LaDonna Harris claps at a 1970s event.
LINCOLN, NEBRASKA — Comanche producer and director Julianna Brannum and executive producer Johnny Depp (Transcendence, Pirates of the Caribbean, The Lone Ranger)–bring the story of politically influential American Indian leader LaDonna Harris to Public Television stations nationwide with broadcasts beginning November 1 in “LaDonna Harris: Indian 101.”
LaDonna Harris reshaped Indian country both in America and abroad. A Comanche from Oklahoma, she helped convince the Nixon administration to return sacred land to the Taos Pueblo Indians of New Mexico, founded the Americans for Indian Opportunity in 1970, and became a vice-presidential nominee in 1980.
LaDonna Harris: Indian 101 is a reflection of her political achievements, personal struggles, and the events that led her to becoming a voice for Native people. Raised on a farm in Oklahoma during the Great Depression, LaDonna did not attend college. However, she studied and learned alongside her husband, Fred Harris, who would become a U.S. Senator. Upon his taking office, she too undertook a public service role.
Harris is best known for her work in U.S. civil rights when she set the tone with a landmark legislation initiative that returned land to the Taos Pueblo Tribe and Native tribes of Alaska. She also served a pivotal role in helping the Menominee Tribe regain their federal recognition.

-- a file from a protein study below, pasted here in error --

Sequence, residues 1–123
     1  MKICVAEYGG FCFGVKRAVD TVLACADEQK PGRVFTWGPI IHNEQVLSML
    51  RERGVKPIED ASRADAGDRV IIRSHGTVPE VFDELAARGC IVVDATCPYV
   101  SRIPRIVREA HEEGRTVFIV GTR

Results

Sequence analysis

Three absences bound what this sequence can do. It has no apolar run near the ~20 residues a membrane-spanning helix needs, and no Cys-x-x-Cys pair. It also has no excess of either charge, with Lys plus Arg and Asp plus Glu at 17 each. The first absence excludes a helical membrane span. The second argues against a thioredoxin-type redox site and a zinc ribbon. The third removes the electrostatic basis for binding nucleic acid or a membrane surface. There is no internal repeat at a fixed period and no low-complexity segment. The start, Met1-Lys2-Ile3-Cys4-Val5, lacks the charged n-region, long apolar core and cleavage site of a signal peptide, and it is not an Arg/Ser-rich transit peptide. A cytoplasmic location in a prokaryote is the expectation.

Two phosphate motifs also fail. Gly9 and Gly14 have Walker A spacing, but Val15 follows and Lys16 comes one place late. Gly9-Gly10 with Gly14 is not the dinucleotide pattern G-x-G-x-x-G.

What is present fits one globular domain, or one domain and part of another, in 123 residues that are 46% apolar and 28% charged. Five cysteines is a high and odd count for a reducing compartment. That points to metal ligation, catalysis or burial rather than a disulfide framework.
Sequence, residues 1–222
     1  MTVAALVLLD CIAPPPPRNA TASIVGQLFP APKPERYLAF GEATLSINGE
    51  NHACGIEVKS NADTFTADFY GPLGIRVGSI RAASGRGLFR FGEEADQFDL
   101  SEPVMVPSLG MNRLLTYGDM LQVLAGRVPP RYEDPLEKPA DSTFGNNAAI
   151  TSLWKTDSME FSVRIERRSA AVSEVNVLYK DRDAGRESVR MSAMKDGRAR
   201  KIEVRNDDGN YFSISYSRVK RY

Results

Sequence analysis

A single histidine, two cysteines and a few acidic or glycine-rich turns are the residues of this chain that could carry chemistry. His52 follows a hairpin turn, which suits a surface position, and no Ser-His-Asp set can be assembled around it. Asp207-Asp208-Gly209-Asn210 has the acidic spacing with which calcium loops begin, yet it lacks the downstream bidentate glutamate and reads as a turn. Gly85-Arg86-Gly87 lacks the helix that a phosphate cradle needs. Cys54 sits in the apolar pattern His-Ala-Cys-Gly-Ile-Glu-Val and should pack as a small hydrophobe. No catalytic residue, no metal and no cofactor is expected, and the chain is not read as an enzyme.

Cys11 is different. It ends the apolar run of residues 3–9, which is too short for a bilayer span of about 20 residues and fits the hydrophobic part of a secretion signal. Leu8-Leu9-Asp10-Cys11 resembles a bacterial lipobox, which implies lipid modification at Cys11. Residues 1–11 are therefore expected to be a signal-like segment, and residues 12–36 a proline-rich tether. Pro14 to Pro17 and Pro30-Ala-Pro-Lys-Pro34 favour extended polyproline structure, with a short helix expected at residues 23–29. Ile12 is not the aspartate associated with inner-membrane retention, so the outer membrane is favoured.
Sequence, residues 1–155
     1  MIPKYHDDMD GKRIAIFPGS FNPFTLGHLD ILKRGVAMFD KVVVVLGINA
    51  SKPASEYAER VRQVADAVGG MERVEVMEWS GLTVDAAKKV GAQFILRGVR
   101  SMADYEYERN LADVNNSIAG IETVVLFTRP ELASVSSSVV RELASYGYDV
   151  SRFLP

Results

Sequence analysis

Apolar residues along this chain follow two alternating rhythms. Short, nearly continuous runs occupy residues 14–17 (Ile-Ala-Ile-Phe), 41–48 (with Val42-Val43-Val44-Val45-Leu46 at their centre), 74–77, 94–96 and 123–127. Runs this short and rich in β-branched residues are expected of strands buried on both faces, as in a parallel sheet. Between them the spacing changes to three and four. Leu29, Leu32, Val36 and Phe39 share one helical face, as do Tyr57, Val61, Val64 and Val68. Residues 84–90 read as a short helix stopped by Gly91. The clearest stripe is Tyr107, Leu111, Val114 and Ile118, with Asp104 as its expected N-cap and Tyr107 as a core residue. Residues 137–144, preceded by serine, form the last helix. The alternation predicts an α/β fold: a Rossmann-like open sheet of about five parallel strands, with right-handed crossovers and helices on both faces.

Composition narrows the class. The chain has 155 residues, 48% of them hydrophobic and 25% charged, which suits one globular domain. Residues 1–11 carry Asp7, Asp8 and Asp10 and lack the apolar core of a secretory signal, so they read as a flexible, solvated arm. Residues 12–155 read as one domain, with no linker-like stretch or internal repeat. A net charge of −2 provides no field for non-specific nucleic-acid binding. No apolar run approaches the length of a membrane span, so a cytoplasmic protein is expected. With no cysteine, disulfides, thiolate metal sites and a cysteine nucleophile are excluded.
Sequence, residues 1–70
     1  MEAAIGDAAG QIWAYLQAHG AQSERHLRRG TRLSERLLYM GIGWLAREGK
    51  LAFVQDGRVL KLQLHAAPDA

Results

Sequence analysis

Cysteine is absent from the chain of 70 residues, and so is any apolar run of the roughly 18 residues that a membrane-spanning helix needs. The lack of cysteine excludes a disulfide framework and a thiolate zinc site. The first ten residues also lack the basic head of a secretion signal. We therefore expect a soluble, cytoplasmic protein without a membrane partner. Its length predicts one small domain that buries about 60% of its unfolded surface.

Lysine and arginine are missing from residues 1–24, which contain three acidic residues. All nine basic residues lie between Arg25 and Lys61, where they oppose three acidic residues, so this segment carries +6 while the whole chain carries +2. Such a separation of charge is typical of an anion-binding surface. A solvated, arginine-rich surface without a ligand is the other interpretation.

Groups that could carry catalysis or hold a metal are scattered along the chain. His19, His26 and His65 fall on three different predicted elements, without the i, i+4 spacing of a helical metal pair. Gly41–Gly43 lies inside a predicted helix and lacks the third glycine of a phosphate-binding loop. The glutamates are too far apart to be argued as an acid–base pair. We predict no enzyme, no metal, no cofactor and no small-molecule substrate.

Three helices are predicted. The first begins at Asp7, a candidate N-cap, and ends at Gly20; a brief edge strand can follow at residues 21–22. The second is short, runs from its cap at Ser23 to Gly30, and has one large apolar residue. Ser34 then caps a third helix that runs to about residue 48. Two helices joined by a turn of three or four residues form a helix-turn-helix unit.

Her trailblazing efforts began when President Lyndon B. Johnson selected her to educate both the executive and legislative branches of U.S. government on the unique relationship that American Indian tribes hold within our nation. This education course was affectionately called “Indian 101” and was taught to members of Congress and other federal agencies for over 35 years.
“La Donna Harris: Indian 101” is the first documentary about the Native activist and national civil rights leader, LaDonna Harris. Brannum commented, “LaDonna’s unique and bi-partisan approach to political and social issues made her a much-loved and well-respected icon in Washington. Not only was she a major force in Indian Country, but the media loved her and high-level politicians sought her input.”
Held in the highest regard by her colleagues for countless social and historical achievements, LaDonna is now passing her knowledge on to a new generation of emerging Indigenous leaders. With participation from students worldwide, LaDonna has created an educational program that trains Native professionals to incorporate their own tribes’ traditional values and perspectives into their work while building a global Indigenous coalition.
Filmmaker Julianna Brannum
LaDonna Harris: Indian 101–which received major funding from the Corporation for Public Broadcasting (CPB) and Vision Maker Media–is an offering of PBS Plus. This one-hour documentary will be available to public television stations nationwide on Friday, October 31, 2014, with rights beginning November 1, 2014.
This program is suggested for scheduling for Native American Heritage Month. For viewing information in your area, please visit www.visionmakermedia.org/watch.